While some wealthy private companies may offer their employees air taxi rides as a perk, Hermans predicts that public vertiports are likely to be located on the top floors of buildings such as car parks, which is why Sandhu spent three weeks in the Coventry car park. the station. “The challenge is to get the planes to compact and dense locations,” he says, “and most importantly, as close to other transportation infrastructure as possible.

There is another reason why lower vertiports have advantages: they take less time to land. Urban-Air has placed its OneAir port in a car park next to the train station to make it easier and faster to access. If it were on the roof of the building, passengers would increase their travel time. On the other hand, the more centrally located vertiports and the lower they are to the ground, the higher the risk of accidents and noise.

This is the physical side of vertiports. As for the passenger, it’s not clear whether the security will be the same as at airports or train stations, and reducing queues and time-consuming checks matters to a market that relies on fast travel. “If you spend 10 minutes checking security for a flight that’s only five minutes long, that’s not good,” says Hermans.

Of course, airports are needed not only for travel – whether you like it or not, but also for shopping. To decide how to make the best use of available space, Urban-Air Port worked with Qatar Airways duty-free experts to design the retail space. “The key was that the brands were showcasing some of their products in a very small area,” says Sandhu.

It might seem like it’s too early to set up a space for lattes and retail—after all, none of the eVTOLs have yet been approved by regulators, let alone mass produced. But the industry needs to start looking at infrastructure before air taxis are ready to fly. “If you’re making a plane, you don’t have to worry about where it’s going to fly,” says Sergio Cecutta of transport analytics firm SMG Consulting. “We don’t want to get into a catch-22 situation where there are no vehicles, which means no infrastructure. We need to do it at the same time.”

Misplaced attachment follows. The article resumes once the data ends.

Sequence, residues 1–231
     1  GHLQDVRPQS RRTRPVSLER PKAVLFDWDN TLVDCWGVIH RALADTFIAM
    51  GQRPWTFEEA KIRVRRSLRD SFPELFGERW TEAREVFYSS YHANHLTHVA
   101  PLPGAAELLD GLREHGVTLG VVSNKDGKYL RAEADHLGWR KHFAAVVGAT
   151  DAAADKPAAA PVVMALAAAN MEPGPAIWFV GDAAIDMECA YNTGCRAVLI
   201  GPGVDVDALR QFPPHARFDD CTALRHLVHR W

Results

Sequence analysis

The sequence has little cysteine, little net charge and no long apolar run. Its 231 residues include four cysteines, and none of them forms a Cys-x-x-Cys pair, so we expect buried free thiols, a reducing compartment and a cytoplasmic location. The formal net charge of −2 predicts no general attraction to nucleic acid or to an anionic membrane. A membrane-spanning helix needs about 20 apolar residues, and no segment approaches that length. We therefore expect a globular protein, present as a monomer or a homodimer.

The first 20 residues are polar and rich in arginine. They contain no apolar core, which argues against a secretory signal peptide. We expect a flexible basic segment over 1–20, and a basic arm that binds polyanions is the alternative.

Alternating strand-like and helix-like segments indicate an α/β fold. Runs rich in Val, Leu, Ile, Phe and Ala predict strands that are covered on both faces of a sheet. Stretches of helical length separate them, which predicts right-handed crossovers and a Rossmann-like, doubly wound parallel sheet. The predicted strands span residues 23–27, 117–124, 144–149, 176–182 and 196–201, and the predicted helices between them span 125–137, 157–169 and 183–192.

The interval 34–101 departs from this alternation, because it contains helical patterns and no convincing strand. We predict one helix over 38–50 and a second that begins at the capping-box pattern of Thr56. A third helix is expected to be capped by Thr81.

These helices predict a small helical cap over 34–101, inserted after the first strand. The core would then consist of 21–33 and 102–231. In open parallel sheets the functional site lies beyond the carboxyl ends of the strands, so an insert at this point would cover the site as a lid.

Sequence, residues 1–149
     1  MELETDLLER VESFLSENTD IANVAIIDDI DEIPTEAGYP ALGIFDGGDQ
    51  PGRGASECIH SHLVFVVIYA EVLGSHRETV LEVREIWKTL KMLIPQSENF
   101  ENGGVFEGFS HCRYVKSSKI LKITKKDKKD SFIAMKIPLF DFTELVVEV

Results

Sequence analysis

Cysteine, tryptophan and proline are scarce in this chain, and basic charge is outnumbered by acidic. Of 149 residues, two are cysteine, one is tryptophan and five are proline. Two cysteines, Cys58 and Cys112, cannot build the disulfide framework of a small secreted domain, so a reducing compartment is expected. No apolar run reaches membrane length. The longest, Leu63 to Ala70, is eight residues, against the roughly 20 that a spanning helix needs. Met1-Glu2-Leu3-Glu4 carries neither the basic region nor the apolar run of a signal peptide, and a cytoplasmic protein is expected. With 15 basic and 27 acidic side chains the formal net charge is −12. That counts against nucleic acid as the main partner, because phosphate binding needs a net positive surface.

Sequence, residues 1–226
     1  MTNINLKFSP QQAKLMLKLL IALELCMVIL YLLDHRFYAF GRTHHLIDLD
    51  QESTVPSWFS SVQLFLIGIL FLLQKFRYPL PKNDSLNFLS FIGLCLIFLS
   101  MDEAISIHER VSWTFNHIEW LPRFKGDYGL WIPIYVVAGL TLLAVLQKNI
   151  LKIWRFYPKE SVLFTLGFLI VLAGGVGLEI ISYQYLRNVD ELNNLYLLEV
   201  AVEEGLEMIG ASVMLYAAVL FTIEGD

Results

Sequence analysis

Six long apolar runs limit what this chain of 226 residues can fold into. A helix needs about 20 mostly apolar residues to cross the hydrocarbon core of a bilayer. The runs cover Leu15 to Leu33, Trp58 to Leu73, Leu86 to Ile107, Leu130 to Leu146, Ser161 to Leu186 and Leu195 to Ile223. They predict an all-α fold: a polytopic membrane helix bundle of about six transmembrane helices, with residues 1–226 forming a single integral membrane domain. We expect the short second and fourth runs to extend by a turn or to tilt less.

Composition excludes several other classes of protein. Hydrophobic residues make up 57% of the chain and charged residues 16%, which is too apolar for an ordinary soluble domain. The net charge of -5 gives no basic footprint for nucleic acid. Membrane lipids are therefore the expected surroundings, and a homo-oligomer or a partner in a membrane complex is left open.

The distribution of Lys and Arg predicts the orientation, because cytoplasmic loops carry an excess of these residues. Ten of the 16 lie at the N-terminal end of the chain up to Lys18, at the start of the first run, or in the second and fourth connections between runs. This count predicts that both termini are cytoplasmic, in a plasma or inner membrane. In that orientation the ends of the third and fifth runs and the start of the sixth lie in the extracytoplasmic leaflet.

And getting the timing right is not an easy task, as flying car start-ups constantly miss their own deadlines. Right now, even airplanes undergoing testing cannot enter production without regulatory approval, making a strong promise of air taxi service by 2024 in the hands of the US Federal Aviation Administration and EASA.

SMG Consulting is monitoring vehicle development, rating Joby and Volocopter as “highly likely” to meet the deadline; many of the other two dozen contestants on his list are not as credible. SMG also monitors infrastructure readiness, but none of the five companies it follows are expected to open a port before 2024. In short, in 2024 either a lot or nothing will happen. “In 2021, people realized that eVTOLS is real,” Secutta says. “So in 2022 we will understand that we need to start building things.”

In addition, the advantage of eVTOLs is that they can land almost anywhere – anywhere a helicopter can, of course. Thus, instead of rushing to install vertiports, operators can use the existing aviation infrastructure. Lilium vice chairman Alex Asseily says the company is already considering how its electric aircraft can fly routes in Florida with partner NetJets. This could include, as an example, he says, a route connecting West Palm Beach Airport to an existing city heliport. “We can land on a standard helipad. The only thing you will need to add to it is a charger,” he says.

All the Lilium Jet really needs is a “parking spot” and a charger to land on, suggesting that setting up full vertiports for every destination early on might not be necessary. “What we’re trying to do is not be limited so that we don’t have to invest huge sums on the first day,” Asseily says. “None of these infrastructures take a long time to build – building a concrete slab that a supercharged plane can land on is not easy, but fast.”


Credit: www.wired.com /